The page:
Raymond F. Albers

Signaling his way to Captain's Mast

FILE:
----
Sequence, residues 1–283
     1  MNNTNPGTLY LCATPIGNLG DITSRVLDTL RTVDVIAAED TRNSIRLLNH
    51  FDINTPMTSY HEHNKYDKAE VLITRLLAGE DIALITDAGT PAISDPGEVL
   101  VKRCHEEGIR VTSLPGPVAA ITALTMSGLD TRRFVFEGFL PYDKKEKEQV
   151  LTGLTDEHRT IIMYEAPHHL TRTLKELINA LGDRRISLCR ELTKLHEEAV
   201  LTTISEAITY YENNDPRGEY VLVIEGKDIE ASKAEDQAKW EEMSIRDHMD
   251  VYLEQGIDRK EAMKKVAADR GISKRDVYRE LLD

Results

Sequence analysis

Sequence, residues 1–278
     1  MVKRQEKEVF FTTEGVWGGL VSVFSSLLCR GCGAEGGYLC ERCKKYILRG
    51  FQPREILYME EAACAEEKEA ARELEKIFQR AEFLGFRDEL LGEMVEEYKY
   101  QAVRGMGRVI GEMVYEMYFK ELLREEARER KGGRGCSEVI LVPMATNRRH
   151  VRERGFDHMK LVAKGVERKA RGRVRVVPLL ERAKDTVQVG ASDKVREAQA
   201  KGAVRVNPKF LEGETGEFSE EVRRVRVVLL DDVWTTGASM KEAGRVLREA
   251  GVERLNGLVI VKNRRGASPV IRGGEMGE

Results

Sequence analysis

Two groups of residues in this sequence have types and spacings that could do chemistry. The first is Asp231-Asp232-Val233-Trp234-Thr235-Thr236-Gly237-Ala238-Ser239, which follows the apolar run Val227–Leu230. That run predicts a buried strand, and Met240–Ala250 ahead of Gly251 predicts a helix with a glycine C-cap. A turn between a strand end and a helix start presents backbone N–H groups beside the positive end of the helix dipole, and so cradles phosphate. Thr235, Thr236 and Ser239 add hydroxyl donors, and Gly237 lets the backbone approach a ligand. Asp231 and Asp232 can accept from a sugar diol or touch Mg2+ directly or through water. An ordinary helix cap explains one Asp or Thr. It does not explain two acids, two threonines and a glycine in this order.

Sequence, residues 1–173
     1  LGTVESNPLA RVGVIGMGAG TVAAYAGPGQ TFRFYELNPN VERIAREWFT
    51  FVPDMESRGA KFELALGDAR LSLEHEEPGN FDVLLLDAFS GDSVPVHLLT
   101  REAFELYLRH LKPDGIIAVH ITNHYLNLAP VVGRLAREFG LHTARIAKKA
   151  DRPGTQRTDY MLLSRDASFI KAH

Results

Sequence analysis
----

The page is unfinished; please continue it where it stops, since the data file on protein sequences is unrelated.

At the time we were anchored in what was being called Buckner Bay on the southeast side of Okinawa.  It was late July or early August and the island had been secured.  The carrier Suwanee was anchored nearby and on it was a friend of mine  who was a radioman.  Since he could read Morse code as well as I, we were able to communicate by flashing light.  As we talked about things in general one of us brought up the the subject of where we thought we were going next. We wondered if the fleet was perhaps destined for the coast of China or Japan itself.  As we were doing this an officer on the flag bridge which was just above the signal bridge was reading our conversation and reported that I was signaling info that might harm the fleet if some Japs still alive on the island were able to read what I was saying.   The outcome of this is that shortly thereafter I was "requested" to attend a Captains Mast.  The Captain promptly advised me that I may have been  jeopardizing the fleet with what my buddy and I were signaling. In short order I was demoted from 3rd class signalman to seaman 1st. class.   Ironically, I had just become 3rd a few days earlier and had not even sewn my chevrons on to my uniform yet. A few days after this on Aug.14th, I believe it was, the war ended.    Very poor timing in signaling my friend.  A few days later and I would have still been a 3rd class.  I remained a seaman the remainder of the service and was discharged in Mar. 1946.  Although my friend was adept at reading code via radio, I had to send code by flashing light slowly because if one sends it too fast it becomes almost a steady light and then it  is difficult to pick up.  If I could have signaled faster perhaps the officer wouldn't have been able to read what we were saying.  Such is life.

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